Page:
Wednesday, April 9, 2008
It was amazing how much I enjoyed Countdown Special: Kamandi, which reprints issues 1, 10, & 29 from the original Kamandi run in the 1970s. These post–apocalyptic classics were written and drawn by Jack “King” Kirby. I had never read Kamandi: That Last Boy on Earth before (although I wanted to) so it was a real treat. The premise of the story is that some undefined “Great Disaster” has remade the earth. Most Humans have devolved into animals while conversely animals (like tigers, apes and dogs) are intelligent, walk upright, and rule their own empires. The title character is the teenager Kamandi, who adventures across a shattered landscape with his mentor Dr. Canus, and the mutant Ben Boxer. It’s easy to see that Kamandi was heavily influenced by Planet of the Apes, and that it, in turn, informed both Gamma World and Thundarr (which Jack worked on BTW).
Being a post–apocalyptic enthusiast, it makes sense that I would find this enjoyable. I’m even tempted to pick up the new hardcover collections that DC is putting out, and I’ve never been tempted to do that previously. This title really works for me and I like Jack Kirby’s art and storytelling here much more so than his New Gods work. It’s nice to see DC embracing Kamandi again through republishing and by reintegrating him into new storylines. In fact, Kamandi and OMAC (his grandfather) are the only reasons that I’m even remotely interested in the Final Crisis event at all.
When I was reading my copy of Countdown Special: Kamandi, a question struck me: how would Japanese folks respond to the quintessential/classic art style of Jack Kirby? Their experience with comics and their aesthetic tastes are so different I just couldn’t imagine what they might think. Would they like his art? Would they hate it? Could they even relate to it? So I showed some pages to my SO. The exchange went something like this:
Me: “Hey, what do you think of that art in this comic?”
Her: “Hmmm… It’s very busy.”
I thought: “ah, Jack’s dynamic action is too much for her”
Me: “Yeah, this artist is known for his incredible action and powerful figure drawing.”
Her: “the Color is too much, it’s too busy. The background color changes in each panel. It’s distracting”
I thought: “Huh?”
Me: “Ah well, the artist didn’t have anything to do with the color. See, these are comics that originally came out in the ‘70s and…”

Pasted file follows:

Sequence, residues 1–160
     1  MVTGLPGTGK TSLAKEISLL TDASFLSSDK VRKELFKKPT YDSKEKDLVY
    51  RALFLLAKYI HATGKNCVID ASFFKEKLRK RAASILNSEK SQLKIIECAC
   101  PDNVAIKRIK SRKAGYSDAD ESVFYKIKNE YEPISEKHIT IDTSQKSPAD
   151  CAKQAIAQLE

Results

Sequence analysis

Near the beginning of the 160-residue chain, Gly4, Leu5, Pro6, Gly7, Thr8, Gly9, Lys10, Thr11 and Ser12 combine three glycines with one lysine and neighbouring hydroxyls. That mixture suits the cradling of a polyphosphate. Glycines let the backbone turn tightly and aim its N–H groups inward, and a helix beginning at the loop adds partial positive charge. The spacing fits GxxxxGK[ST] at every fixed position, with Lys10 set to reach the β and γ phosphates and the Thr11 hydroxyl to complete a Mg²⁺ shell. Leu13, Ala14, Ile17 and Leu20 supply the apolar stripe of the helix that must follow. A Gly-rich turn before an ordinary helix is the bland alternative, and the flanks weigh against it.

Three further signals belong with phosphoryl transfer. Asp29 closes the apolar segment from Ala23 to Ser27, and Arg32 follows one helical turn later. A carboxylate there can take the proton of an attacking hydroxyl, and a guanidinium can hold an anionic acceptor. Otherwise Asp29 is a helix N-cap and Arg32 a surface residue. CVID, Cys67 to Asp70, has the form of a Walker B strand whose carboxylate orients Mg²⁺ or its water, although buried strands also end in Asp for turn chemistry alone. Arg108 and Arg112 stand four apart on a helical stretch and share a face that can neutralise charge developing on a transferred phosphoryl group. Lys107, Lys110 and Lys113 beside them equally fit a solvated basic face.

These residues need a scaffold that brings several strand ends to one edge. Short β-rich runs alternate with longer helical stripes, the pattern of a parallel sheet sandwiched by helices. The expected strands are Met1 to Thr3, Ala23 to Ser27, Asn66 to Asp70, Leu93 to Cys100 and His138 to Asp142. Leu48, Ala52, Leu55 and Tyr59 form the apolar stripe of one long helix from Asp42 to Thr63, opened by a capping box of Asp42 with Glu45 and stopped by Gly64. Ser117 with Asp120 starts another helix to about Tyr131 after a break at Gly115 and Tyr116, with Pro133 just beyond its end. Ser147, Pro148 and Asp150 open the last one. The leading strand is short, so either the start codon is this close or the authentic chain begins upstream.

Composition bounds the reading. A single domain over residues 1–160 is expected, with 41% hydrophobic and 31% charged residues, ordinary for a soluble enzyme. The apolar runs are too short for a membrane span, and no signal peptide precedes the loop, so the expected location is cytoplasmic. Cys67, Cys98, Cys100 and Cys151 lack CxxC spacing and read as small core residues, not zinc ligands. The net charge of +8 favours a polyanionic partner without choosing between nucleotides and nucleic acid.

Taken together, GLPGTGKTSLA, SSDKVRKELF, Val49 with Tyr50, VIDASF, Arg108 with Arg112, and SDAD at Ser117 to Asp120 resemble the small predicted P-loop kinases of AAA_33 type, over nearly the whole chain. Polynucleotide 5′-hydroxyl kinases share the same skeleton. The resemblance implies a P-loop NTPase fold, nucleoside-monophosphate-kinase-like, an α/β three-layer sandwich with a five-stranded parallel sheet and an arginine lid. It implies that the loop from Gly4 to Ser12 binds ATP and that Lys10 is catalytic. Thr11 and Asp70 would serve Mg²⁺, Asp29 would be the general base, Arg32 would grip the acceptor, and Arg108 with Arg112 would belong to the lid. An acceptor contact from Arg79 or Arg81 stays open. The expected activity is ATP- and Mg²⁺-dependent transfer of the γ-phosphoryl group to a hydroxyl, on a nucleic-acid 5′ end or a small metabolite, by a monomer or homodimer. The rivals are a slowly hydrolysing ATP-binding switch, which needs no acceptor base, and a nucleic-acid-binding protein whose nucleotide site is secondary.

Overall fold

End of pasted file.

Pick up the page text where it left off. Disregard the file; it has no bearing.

But she had lost interest in what I was talking about and went back to reading her book.
That did get me thinking. The bold use of color, which is so common in older comics, was just too visually overpowering for her. She really couldn’t focus on Jack’s art at all. I was kinda stunned but then I remembered that Japanese manga is a black and white medium. The "in-your-face" color had a strong negative impact on her. When for me, it was nearly incidental, particularly because it appeared in a reprint of Kamandi. I recognize that the colorist’s job is much more integrated into the artistic creation of comic books nowadays (computer technology has completely revolutionized the nature of color), but back when Kamandi was first published; it almost seems like an afterthought position. The intent of the coloring process in the days of yore must have been to keep the eyes interested by flashy uses of 4-color shades… whether they matched from panel to panel or not. Looking at the Kamadi pages was such a disharmonious experience for my SO; that the art style didn’t matter at all. For her, the application of color didn’t seem to be thoughtfully considered nor carefully applied. Very interesting. I easily separate Jack’s art from the hues that someone else decided upon, but my SO sees them as one thing. I often have to remind her that American comics are largely a collaborative medium. In the past, my SO has expressed that American comics are too wordy, and bogged down with unnecessary exposition that redundantly describes what’s already visually depicted, but this is the first time she has said anything about color. I guess I gotta’ show her something of Jack’s in black and white to really get her opinion on the his art style. That's sorta' weird for me...